The cryptocurrency market lost a lot of its luster in the last year. Bitcoin, which reach an all-time high earlier this year, has plunged more than 80% since January. Despite the volatility and pain in that market, though, the underlying blockchain technology remains an incredibly promising asset.
Blockchain has been slow to take off in the payments space. There are several reasons for this, including:
- Confusion: As much of a buzzword as it became, relatively few people really understand blockchain technology.
- Skepticism of New Technologies: Tools that promise to upend decades of entrenched practices are always a hard sell.
- Fear: Blockchain is closely associated with the cryptocurrency market, which has its own, long-running image problems.
Still, a recent report analyzing blockchain in the retail market suggests big gains. The study projects the value of retail blockchain applications will multiply 29-fold in the next five years, from an $80 million value in 2018 to $2.3 billion by 2023. That seems like an incredible jump; however, if you look at the real value proposition behind blockchain technology, it’s not surprising at all.
Decision makers in the retail industry are waking up to the value blockchain presents, and all the different applications for the technology. Blockchain framework can help with anything from fraud detection to managing customer transaction data. Blockchain tools can even make it possible for retailers and banks to conduct instantaneous, error-free payments clearing.
As just one example, let’s look at how blockchain technology could revolutionize supply chain management in the retail sector.
Blockchain & Supply Chain
Blockchain offers numerous advantages for retail supply chain management.
First, deploying a blockchain system can enable traceability. The merchant has full range to follow a data trail for each individual product in the journey from source to shelf. The blockchain ensures safety and compliance because you will always know where an item is and where it’s been. For example, if there is a defect in a product sourced from one supplier, the blockchain makes it possible to recall only the affected items, rather than taking thousands of perfectly-good units off the market.
A blockchain system can also make it easier to prevent counterfeit merchandise from impacting the market. Anything produced in a specialized or limited quantity can be authenticated easily, even once it makes its way onto the reseller market. This prevents trademark infringement and helps protect brand reputation.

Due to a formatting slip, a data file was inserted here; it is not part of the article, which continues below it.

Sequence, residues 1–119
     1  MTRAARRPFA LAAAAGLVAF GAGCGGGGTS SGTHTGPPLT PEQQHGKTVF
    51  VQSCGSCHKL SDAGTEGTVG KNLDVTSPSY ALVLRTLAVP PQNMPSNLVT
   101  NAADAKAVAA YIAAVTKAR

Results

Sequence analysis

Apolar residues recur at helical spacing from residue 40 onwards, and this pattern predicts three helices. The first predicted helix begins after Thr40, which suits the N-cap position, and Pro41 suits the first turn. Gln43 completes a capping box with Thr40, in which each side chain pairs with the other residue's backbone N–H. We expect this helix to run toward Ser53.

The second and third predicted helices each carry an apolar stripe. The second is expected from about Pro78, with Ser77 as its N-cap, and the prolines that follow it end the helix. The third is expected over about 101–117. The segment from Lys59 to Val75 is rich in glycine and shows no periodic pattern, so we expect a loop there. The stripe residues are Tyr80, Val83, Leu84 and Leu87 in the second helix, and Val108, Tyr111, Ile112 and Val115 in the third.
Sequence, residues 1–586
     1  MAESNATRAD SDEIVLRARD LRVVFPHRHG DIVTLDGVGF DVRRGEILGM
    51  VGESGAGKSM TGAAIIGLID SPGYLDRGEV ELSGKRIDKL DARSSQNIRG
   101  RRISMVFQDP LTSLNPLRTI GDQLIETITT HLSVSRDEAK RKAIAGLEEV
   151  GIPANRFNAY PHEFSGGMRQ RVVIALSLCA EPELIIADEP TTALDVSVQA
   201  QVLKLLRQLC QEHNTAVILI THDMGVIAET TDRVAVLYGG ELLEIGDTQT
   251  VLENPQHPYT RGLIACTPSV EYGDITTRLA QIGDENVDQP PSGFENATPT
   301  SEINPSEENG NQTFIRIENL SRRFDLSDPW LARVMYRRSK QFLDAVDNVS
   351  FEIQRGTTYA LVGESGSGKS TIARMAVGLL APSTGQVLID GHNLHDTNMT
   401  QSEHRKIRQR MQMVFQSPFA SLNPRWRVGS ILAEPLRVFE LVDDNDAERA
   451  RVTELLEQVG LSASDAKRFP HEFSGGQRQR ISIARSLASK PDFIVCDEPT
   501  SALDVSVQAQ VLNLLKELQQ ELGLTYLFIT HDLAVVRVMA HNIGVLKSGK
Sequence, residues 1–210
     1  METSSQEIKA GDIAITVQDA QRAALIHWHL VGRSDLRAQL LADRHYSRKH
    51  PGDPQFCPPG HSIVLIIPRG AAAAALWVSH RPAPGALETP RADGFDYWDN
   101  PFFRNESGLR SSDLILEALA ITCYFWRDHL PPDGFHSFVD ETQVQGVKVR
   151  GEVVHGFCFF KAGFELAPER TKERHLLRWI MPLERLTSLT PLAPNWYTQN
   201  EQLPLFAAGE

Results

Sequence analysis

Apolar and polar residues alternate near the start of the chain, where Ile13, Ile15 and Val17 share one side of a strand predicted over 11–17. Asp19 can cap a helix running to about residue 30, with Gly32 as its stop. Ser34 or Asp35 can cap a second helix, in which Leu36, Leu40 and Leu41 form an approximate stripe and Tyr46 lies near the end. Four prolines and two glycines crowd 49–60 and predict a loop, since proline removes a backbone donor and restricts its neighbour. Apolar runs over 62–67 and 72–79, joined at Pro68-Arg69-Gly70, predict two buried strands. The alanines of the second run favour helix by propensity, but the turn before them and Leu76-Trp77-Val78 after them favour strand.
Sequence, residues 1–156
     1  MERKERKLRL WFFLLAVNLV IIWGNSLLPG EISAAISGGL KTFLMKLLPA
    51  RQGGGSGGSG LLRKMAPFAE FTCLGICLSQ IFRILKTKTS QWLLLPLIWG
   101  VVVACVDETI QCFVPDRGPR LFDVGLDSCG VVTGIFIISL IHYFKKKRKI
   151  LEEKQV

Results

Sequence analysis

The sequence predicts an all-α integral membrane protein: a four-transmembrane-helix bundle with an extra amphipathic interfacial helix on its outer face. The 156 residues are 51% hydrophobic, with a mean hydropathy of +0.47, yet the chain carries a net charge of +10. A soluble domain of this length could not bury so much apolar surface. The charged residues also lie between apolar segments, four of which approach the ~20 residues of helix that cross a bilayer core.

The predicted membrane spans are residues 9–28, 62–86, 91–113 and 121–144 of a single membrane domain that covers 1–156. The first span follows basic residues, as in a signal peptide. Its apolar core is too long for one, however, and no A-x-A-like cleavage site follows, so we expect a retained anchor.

And, of course, blockchain can also streamline store stock and track goods by location. Retailers can have up-to-the-minute information on what items are running low, which ones have been reordered, and which ones are on their way. The business can dramatically cut back on the amount of back product that ends up languishing on shelves.
Even better, a blockchain can minimize those costly stockout instances. Stockouts may cost the retail industry as much as $1 trillion annually, and that’s not even accounting for the negative impact on customer perception of the brand. Stores can have more efficient, up-to-date stock tracking with a blockchain in place to manage inventory. No more errors or oversights.
Is Anyone Already Using Blockchain?
Yes, some retailers have taken a chance on the new technology. For example, Walmart and IBM partnered on a blockchain-based Food Traceability Initiative earlier this year. This system allows the retailer to identify the origin of food items almost instantaneously. Other items can be traced, too, ensuring their supply chain is free of human trafficking and other labor abuses.
Walmart’s decision to go in on blockchain technology could be a gamechanger. The move makes a lot of sense, as part of the problem whenever there’s a food safety issue is that it’s so difficult to trace food by its point of origin.
Think about the outbreak of E. coli in romaine lettuce detected last month. We knew the vast majority of lettuce on grocery store shelves and in restaurant kitchens was completely fine. Regardless, businesses had to throw out millions of pounds of lettuce across the entire country, and consumers had no access to the leafy green. After weeks of investigation, the FDA had only been able to isolate the source of the incident to a large region of California as of December 6.
The situation could have been different if there were a blockchain system in place at the supplier level. Retailers like Walmart could instantly identify affected product and remove it from stock. Items unaffected by E. coli could have been left on the shelf.
What’s Next for Blockchain?
As the current applications of blockchain technology pan out, more and more businesses are going to see the benefits. When they do, they’re going to want to get on-board.
I expect to see blockchain become a major force in the retail industry over the next decade; not just in supply chain management, but payments, too. Eventually, the financial sector will be unable to deny blockchain’s advantages over their existing automated clearing house (ACH) framework.
It will require a significant upfront investment, but laying down the infrastructure for the new payments system will pay for itself quickly.